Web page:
This glorious celebration of birds in flight begins as the following words appear on the screen: "For eighty million years, birds have ruled the skies, seas and earth. Each Spring, they fly vast distances. Each Fall, they fly the same route back. This film is the result of four years of following their amazing odysseys, in the Northern Hemisphere and then the South, species by species, flying over seas and continents."
Director Jacques Perrin and a crew of over 450 people used small planes, gliders, helicopters, and balloons to film migrating flocks from above, below, and alongside. This is an up-close-and-personal perspective like nothing you have ever seen. You can almost feel the breeze off the birds' flapping wings! Watching them, you may feel something akin to a dream state as they use the stars and sun as their only compasses on their long journeys.
The filmmakers follow bird migrations through forty countries and seven continents. Although there are no international borders to stop their annual flights, there are plenty of life-threatening challenges along the way. The birds must face rainstorms and blizzards, periods when there is nothing on the dry ground to eat, or a long flight over the ocean where a ship is a godsend for the exhausted travelers. In one of the most frightening scenes, some mountain birds hear a rumbling sound and barely escape an avalanche.
Human beings are both allies and enemies. A boy releases a goose whose foot has gotten caught in some webbing. An elderly European woman feeds some hungry birds in her field. But hunters also shoot down those in flight. A few unfortunate birds land near a factory and get stuck in the muck of toxic chemicals polluting a waterway. In the Amazon, a boat glides through the water carrying colorful birds in cages to sell. A beautiful blue parrot manages to undo the wooden latch on his cage and fly free. A mother bird nesting in a farm field has no chance to escape an approaching vehicle. And of course, there is no telling the detrimental impact of air pollution on the flocks flying through cities.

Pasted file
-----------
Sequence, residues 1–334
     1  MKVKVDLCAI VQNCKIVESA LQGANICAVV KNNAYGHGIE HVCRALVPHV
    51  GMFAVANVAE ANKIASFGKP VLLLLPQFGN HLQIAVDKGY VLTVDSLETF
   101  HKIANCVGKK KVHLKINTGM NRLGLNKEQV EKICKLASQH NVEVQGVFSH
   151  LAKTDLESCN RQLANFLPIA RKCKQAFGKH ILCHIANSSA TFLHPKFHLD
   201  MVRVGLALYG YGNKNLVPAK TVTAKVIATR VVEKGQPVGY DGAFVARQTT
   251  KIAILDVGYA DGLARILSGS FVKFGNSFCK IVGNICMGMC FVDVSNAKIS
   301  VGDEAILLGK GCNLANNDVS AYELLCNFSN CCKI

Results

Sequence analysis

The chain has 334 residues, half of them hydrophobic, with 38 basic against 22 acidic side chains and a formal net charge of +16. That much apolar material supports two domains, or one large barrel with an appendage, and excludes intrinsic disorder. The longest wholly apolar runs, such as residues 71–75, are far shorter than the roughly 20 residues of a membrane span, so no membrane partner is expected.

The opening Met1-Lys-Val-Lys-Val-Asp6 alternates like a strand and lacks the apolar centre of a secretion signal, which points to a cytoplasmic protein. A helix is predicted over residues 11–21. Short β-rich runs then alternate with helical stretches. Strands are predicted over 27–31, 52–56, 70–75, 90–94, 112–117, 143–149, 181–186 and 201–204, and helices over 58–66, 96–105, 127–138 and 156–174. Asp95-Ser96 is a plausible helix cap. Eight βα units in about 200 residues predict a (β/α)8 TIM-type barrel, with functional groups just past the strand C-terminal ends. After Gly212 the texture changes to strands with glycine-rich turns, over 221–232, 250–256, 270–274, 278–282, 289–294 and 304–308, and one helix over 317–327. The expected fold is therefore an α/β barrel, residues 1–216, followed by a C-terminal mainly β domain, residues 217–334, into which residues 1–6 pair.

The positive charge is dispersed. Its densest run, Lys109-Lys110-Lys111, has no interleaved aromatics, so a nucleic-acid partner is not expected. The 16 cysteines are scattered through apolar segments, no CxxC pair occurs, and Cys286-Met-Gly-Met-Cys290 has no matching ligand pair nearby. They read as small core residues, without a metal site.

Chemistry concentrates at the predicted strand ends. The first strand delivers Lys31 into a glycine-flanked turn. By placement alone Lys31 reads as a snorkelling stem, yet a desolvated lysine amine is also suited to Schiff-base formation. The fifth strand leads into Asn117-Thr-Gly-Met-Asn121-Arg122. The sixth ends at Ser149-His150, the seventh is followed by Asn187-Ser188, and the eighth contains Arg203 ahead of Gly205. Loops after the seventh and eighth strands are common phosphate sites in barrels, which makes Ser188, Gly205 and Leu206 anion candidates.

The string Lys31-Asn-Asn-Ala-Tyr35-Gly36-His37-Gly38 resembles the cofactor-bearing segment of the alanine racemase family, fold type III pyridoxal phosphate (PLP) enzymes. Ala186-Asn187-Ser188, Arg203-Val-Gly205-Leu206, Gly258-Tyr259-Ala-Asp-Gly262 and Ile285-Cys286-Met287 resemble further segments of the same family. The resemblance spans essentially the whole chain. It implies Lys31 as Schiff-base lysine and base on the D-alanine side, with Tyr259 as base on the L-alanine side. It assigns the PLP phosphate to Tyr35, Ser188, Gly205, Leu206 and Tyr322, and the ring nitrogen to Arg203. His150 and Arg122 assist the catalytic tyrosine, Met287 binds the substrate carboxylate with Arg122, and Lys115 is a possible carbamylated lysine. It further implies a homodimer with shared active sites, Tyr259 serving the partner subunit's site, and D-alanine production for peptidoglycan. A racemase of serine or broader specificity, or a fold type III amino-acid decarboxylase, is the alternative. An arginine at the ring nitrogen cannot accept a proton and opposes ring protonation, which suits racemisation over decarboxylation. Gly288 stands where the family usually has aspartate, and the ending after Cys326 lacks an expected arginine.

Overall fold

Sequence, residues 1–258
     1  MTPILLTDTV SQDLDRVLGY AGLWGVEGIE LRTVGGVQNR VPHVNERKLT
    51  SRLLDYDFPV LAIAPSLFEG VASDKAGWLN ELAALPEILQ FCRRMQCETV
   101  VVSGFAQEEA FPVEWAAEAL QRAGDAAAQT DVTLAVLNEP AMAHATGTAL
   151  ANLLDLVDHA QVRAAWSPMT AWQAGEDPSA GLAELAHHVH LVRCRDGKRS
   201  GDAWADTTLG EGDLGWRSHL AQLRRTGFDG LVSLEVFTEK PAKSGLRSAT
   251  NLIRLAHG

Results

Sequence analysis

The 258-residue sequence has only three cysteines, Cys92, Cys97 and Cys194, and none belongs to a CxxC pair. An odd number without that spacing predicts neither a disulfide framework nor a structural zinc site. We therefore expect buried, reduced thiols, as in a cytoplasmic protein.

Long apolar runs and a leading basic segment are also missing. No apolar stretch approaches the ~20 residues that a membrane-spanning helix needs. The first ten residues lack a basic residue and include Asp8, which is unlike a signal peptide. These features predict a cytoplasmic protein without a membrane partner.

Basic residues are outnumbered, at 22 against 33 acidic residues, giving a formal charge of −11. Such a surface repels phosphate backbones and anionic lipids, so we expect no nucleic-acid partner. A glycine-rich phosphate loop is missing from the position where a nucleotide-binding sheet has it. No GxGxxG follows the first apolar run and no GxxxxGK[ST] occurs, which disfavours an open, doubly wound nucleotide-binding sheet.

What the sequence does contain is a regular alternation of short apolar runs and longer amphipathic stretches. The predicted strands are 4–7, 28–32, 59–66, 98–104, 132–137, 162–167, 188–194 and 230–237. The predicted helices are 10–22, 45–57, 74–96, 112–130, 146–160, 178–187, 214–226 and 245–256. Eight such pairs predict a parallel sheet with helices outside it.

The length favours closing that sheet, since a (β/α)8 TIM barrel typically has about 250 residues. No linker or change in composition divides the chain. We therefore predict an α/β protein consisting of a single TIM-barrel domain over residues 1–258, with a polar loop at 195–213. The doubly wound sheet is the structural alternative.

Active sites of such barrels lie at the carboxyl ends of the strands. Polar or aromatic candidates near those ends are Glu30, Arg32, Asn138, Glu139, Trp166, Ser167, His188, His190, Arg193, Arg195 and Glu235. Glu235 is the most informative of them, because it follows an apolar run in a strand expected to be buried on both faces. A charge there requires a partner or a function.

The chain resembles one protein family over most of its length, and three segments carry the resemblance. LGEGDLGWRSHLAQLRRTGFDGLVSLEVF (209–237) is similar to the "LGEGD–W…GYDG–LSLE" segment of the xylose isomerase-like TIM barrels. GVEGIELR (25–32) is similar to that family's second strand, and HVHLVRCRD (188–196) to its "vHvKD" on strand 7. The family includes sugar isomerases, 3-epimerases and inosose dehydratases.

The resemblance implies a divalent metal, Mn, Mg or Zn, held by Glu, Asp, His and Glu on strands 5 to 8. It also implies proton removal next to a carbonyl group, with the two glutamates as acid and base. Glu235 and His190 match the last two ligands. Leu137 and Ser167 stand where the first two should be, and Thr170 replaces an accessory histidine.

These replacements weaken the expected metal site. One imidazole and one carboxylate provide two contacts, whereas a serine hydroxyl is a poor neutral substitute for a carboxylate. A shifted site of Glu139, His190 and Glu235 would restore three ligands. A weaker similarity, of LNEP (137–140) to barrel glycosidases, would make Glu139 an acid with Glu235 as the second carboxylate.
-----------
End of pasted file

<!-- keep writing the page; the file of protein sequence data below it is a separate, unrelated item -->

There are lighter moments: grebes skating across the top of a pond, pelicans dive-bombing into the ocean, proud parents with their off-spring riding on their backs as they swim across a pond. Time and again, we wonder how the larger flocks coordinate all the crowded and complicated take-offs and landings without any members of the party serving as air controllers.
Poet Coleman Barks reminds us that all the mystical traditions love birds and their singing: "Birds represent our longings for purity and freedom and they carry messages of ineffable joy." Gunilla Norris says she loves to watch flying geese in the wake of each other's wings, literally getting a lift from one another. Whenever she sees them, she thinks about the meaning of the communion of saints. As you watch this extraordinary documentary, your heart will take wing with these brave little beings and, undoubtedly, you will spot one or two that can be a spiritual teacher for you, telling you about life or death or something in between.
Although you'll want to watch Winged Migration straight through for the full impact, with the DVD you watch it again and listen to the director's commentary. You can revisit your favorite flocks through the scene selections (and you'll learn the names of all the different birds). The 50-minute "Making of" featurette is almost as interesting as the film itself, showing how the filmmakers were able to get the birds used to having humans around and even flying with them in light weight aircraft or following them on motorcycle or in high speed boats. A beautiful photo gallery, with informative notes by the director, adds yet another fascinating perspective to this experience. This is a DVD you'll treasure.